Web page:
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Tuesday, 23 July, 2002, 15:54 GMT 16:54 UK
New archbishop: An expert anwered your questions.
The new Archbishop of Canterbury is to be Dr Rowan Williams, the liberal Archbishop of Wales, it was announced on Tuesday.
Conservative Anglicans have expressed misgivings about Dr Williams' appointment as he believes the Church of England should lose its established status and become a church on equal footing with all other Christian denominations.
He also supports gay and lesbian clergy, the ordaining of women priests and allowing divorcees to marry in church.
Dr Williams is known for being candid, calling Western military aggression towards Afghanistan "morally tainted" and criticising the threat of action against Iraq.
The Archbishop of Canterbury heads the worldwide Anglican communion of 70 million people.
Andrew Brown, religious author and broadcaster answered your questions in a LIVE Forum.
He is said to combine relatively conservative theological views with a set of broadly liberal opinions on secular matters. His support for women priests and gay rights has led some conservative Christians to warn that his appointment could split the Church.
I am joined from our Cambridge studio by Andrew Brown, author and broadcaster on religious affairs. He's here to answer some of the e-mails you've been sending us.
First of all, can I start with the issue that perhaps has marked out Rowan Williams most of all in the minds of people who don't know him and that is homosexuality and his advocacy of gay priests - or the ordination of gay men.
John Tigwell, Ashford Kent asks: How can Dr Williams be for the ordination of gay and lesbian people when the Bible clearly states that the act of homosexuality is an abomination in the eyes of the Lord?
Shamil Appathurai, Colombo, Sri Lanka asks: How will ordaining gay and lesbian clergy improve the work of the Church or is it just a remedy to fix the decreasing number of people taking to the priesthood?
Is the ordination of gay people an abomination in the eyes of Lord?
As for the second question - whether it's a merely a way to prop up declining numbers. The point I think that matters is that there are already a great many gay and indeed lesbian priests within the Church of England and in some of the churches of North America. What Dr Williams is doing is being honest about the situation as it actually is. It's not really a question of changing policy so much as people admitting publicly what they have been doing and believing privately for at least the last 15 or 20 years.
So is this the cart being put before the horse?
Equally, if you tend to think that the role of the Bible is to support decency in an indecent world and that this involves fairly straightforward patterns of heterosexual marriage, then you're going to uphold the so-called traditionalist view.
We have a couple of questions here. Brian Whittaker, London, UK: Given the Church of England's increasing irrelevance to the life this country, does it really matter at all who is the next Archbishop?
Adam Blackie, St. Albans, UK: I'm a fairly regular churchgoer - two or three times a month. At 42 years old I find myself to be one of the youngest members of the congregation. What should a new Archbishop do to make church-going more attractive to the under 30s?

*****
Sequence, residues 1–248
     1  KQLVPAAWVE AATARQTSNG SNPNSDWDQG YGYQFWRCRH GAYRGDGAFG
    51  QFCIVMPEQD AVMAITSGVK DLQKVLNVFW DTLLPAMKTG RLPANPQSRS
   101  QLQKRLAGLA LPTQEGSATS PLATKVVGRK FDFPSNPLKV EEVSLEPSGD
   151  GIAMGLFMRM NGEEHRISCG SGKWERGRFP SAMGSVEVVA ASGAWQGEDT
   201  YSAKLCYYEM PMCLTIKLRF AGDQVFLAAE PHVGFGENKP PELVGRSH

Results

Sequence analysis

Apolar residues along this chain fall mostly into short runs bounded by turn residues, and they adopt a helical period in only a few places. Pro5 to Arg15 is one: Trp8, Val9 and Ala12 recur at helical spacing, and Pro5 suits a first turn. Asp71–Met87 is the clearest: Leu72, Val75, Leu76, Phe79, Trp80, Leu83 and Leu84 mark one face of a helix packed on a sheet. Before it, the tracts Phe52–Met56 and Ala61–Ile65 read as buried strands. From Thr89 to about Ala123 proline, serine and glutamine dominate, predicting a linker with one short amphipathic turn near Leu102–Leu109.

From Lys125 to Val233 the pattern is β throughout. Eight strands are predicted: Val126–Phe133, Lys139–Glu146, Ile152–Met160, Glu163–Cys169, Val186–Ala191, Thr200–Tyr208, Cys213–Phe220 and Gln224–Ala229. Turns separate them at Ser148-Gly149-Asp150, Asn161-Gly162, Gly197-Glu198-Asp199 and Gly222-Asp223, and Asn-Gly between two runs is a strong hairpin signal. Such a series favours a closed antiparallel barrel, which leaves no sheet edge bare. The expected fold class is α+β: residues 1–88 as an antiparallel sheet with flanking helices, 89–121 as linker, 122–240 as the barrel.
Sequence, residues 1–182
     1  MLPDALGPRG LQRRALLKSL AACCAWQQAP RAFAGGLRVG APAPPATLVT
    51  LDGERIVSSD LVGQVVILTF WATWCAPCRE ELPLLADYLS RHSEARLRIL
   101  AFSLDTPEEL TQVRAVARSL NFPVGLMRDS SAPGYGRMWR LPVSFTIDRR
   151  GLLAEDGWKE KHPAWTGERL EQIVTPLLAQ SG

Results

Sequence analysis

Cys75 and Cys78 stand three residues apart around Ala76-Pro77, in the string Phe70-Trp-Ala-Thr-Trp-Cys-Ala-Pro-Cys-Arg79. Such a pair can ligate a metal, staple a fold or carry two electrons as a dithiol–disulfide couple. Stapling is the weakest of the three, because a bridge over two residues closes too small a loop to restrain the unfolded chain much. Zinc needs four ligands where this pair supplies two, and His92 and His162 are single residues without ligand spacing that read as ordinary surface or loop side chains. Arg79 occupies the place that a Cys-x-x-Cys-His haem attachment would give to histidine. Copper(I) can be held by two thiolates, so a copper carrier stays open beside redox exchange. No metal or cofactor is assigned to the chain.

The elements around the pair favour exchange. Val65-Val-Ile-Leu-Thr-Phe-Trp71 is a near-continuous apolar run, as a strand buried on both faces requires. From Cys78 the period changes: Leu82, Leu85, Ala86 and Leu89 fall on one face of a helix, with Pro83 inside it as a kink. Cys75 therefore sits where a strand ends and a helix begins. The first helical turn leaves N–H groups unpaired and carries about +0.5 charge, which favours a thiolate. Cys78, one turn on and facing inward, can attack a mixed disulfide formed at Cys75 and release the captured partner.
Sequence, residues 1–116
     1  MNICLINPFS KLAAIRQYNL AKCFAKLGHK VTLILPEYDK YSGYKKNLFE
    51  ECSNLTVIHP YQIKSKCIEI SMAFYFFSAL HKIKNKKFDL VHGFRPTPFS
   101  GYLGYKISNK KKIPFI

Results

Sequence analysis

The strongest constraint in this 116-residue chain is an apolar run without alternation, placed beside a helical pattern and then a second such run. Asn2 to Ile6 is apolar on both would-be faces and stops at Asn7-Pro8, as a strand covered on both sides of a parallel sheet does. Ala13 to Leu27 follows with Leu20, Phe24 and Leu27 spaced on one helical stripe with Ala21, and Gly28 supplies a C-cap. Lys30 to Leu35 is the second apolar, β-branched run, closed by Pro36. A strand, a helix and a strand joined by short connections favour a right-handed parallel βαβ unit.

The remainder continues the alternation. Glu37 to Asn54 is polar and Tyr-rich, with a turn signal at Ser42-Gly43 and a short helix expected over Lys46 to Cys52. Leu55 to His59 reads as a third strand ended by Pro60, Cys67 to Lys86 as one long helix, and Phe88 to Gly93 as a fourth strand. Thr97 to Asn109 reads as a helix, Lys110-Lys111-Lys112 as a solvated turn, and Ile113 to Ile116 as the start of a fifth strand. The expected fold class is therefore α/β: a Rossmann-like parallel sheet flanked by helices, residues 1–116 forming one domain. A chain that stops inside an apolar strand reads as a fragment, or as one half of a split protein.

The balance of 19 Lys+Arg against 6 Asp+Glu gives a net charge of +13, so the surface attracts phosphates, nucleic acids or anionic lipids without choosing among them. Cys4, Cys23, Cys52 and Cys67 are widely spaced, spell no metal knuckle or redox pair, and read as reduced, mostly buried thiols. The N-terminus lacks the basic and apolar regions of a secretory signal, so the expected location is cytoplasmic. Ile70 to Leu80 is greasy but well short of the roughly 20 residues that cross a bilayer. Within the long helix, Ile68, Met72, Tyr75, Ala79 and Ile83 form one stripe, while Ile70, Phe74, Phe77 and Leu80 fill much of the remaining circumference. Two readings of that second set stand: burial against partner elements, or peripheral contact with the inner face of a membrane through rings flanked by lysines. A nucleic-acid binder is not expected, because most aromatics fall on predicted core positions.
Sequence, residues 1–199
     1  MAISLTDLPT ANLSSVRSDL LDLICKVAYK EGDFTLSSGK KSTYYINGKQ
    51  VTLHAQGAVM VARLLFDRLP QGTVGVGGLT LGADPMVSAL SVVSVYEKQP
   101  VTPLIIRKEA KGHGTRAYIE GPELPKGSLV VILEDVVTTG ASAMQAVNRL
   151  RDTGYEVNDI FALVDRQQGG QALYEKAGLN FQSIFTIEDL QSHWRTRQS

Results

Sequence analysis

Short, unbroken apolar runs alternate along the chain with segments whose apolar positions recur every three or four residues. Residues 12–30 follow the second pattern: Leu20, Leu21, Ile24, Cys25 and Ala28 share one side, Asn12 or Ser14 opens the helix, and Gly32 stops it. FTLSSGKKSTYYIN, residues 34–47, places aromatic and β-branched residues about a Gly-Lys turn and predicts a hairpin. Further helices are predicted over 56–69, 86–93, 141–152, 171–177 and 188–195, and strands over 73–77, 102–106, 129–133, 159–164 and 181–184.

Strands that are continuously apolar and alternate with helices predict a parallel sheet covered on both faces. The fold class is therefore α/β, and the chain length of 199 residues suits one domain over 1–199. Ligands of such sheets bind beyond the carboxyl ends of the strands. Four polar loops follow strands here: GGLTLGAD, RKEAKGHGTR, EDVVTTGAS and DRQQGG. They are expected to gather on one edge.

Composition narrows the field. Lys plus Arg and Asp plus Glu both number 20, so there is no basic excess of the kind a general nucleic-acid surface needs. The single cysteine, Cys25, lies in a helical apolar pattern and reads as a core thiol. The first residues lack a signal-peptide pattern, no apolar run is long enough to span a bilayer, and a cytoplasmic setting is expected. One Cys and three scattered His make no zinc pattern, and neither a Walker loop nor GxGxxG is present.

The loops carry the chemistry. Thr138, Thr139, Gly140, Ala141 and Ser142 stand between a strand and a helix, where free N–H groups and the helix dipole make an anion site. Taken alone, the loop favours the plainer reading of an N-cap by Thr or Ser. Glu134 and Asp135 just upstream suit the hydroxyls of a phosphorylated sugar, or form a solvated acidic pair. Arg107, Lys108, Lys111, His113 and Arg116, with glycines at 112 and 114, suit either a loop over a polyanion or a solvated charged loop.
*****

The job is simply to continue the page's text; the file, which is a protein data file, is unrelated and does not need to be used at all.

As to the second question, what can an Archbishop do to make the Church more attractive to people under the age of say 30? I think there's almost nothing that an Archbishop on his own can do. I think it also entirely possible that church-going may be like listening to Radio 4 - a habit that people pick up in their 40s or when they have children.
What an Archbishop can do however is to re-moralise, if you like, the really rather demoralised and dispirited clergy of the Church of England at the moment and this, I think Rowan has a fair chance of doing. They are the people who by their direct and personal interactions with their local communities will persuade people to go to Church or not.
Chris Bessant, London, UK: How will African bishops react to Dr Williams appointment?
Chris Meyer, Durban, South Africa: Considering the arrogant disregard shown in the selection process, for the views and desires of the vast majority of Anglicans outside the United Kingdom, what credibility and authority will Rowan Williams command in the Anglican Communion at large? Does Rowan Williams possess the skills and theology to hold the Communion together at one of its most critical moments?
I watched dumbfounded as a Nigerian bishop actually attempted to exorcise on television, the chairman of the lesbian and gay Christian movement. This is not a rift which can be healed. People can stop talking about it and agree to disagree but I'm afraid that that the attitude of conservative evangelicals towards homosexuality is simply not reconcilable with the attitude, either of Rowan Williams or it has to be said of the great majority of churchgoers in the developed world.
He then goes on to ask a provocative second question: Is he not just another of Tony's cronies?
Well, I think we can rule that one out straight away, can't we?
It's all very well to say - why didn't Tony Blair take into the opinions of the Archbishop of Rwanda, say, when appointing the Archbishop of Canterbury - but one is entitled to ask, why should he. When does the Archbishop of Rwanda take any notice of the opinions of Dr Williams?
We have a question from Kairen, UK who asks: I understand that Dr Williams is also a druid which I understand to be a pagan cult. Is this true? If so there appears to be a fundamental incompatibility which the Church of England should take a stand against.
Andrew Brown, thank you very much for joining us from Cambridge today.
13 Jul 02 | UK Politics
04 Feb 02 | Wales
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